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Active Living

It’s February and love is in the air! Valentine’s Day can be a wonderful reminder that love of all kinds does indeed make the world go round.
What will your holiday look like this year? For many seniors across Canada, the answer may well be “different.”
Colder weather is on its way, and with many of us mindful of social distancing rules, we’ll be spending more time indoors looking for activities to engage our minds, feed our spirits and warm our hearts.
 Here are eight activities to get you into an autumn frame of mind (and body)

Although it's back-to-school time for school-aged children, in pre-pandemic times, some seniors may have also been signing up for lifelong learning programs through community centres, universities and colleges.

Staying physically active helps seniors keep physically, mentally and emotionally fit, and maintain their independence longer.
Getting outdoors can be a wonderful tonic for your physical and mental health, if you take appropriate precautions to prevent health problems.
Now, more than ever, we need summer—long, warm days, gardens in full bloom, and plenty of time to enjoy some fun activities with our social circles that will bring a sense of normalcy.
What is “active living,” and why is it so important to seniors? Many of us think of active living as the simple act of incorporating physical activity into our daily routines—a critical component of healthy aging—but it’s actually much more encompassing than that.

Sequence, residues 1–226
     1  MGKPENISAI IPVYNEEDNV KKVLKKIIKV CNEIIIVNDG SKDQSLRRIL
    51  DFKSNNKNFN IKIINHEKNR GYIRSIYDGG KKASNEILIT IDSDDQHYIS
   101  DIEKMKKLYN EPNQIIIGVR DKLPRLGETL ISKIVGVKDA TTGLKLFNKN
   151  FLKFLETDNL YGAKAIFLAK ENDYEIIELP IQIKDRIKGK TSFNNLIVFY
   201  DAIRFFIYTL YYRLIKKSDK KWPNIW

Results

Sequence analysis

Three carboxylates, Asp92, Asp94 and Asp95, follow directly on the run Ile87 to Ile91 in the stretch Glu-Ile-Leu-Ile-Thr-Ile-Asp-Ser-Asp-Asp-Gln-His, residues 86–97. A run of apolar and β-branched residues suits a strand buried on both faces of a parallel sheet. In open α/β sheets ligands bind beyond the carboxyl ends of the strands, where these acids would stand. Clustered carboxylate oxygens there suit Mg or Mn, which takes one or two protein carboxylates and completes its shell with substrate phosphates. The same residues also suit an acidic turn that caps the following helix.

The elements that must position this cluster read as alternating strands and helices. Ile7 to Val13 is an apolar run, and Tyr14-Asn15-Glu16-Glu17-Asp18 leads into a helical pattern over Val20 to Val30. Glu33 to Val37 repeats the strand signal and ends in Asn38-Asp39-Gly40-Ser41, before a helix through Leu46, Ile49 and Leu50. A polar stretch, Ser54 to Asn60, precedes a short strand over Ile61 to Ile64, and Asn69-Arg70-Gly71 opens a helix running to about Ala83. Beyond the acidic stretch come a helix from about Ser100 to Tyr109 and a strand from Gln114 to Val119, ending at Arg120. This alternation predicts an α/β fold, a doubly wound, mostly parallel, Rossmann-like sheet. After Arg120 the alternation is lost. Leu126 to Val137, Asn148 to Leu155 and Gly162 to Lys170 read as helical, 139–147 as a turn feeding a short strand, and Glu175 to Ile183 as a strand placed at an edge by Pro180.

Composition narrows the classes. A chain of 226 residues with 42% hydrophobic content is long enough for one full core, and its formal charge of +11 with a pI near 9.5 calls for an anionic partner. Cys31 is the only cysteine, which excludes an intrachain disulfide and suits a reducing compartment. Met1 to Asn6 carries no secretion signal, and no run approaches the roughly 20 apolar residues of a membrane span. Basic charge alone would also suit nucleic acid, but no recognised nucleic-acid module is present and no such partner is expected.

Dancing has wide appeal for many older adults because of their positive memories and experiences at a younger age. Dancing bolsters physical and mental health by helping to prevent falls, improve posture and flexibility, lift mood and ease anxiety.
Reading books regularly for pleasure extends life by about two years on average for older adults. Reading improves mental and emotional health by boosting brain connections, relieving stress and easing chronic pain. It’s also an activity that can lift mood, preserve memory and thinking skills, and enhance quality of life and care for people living with dementia.
A 2016 study by Pew Research Center found that 34 per cent of American seniors use social networking sites like Facebook, up from 27 per cent in 2013. Older adults are the fastest growing demographic of all Facebook users.

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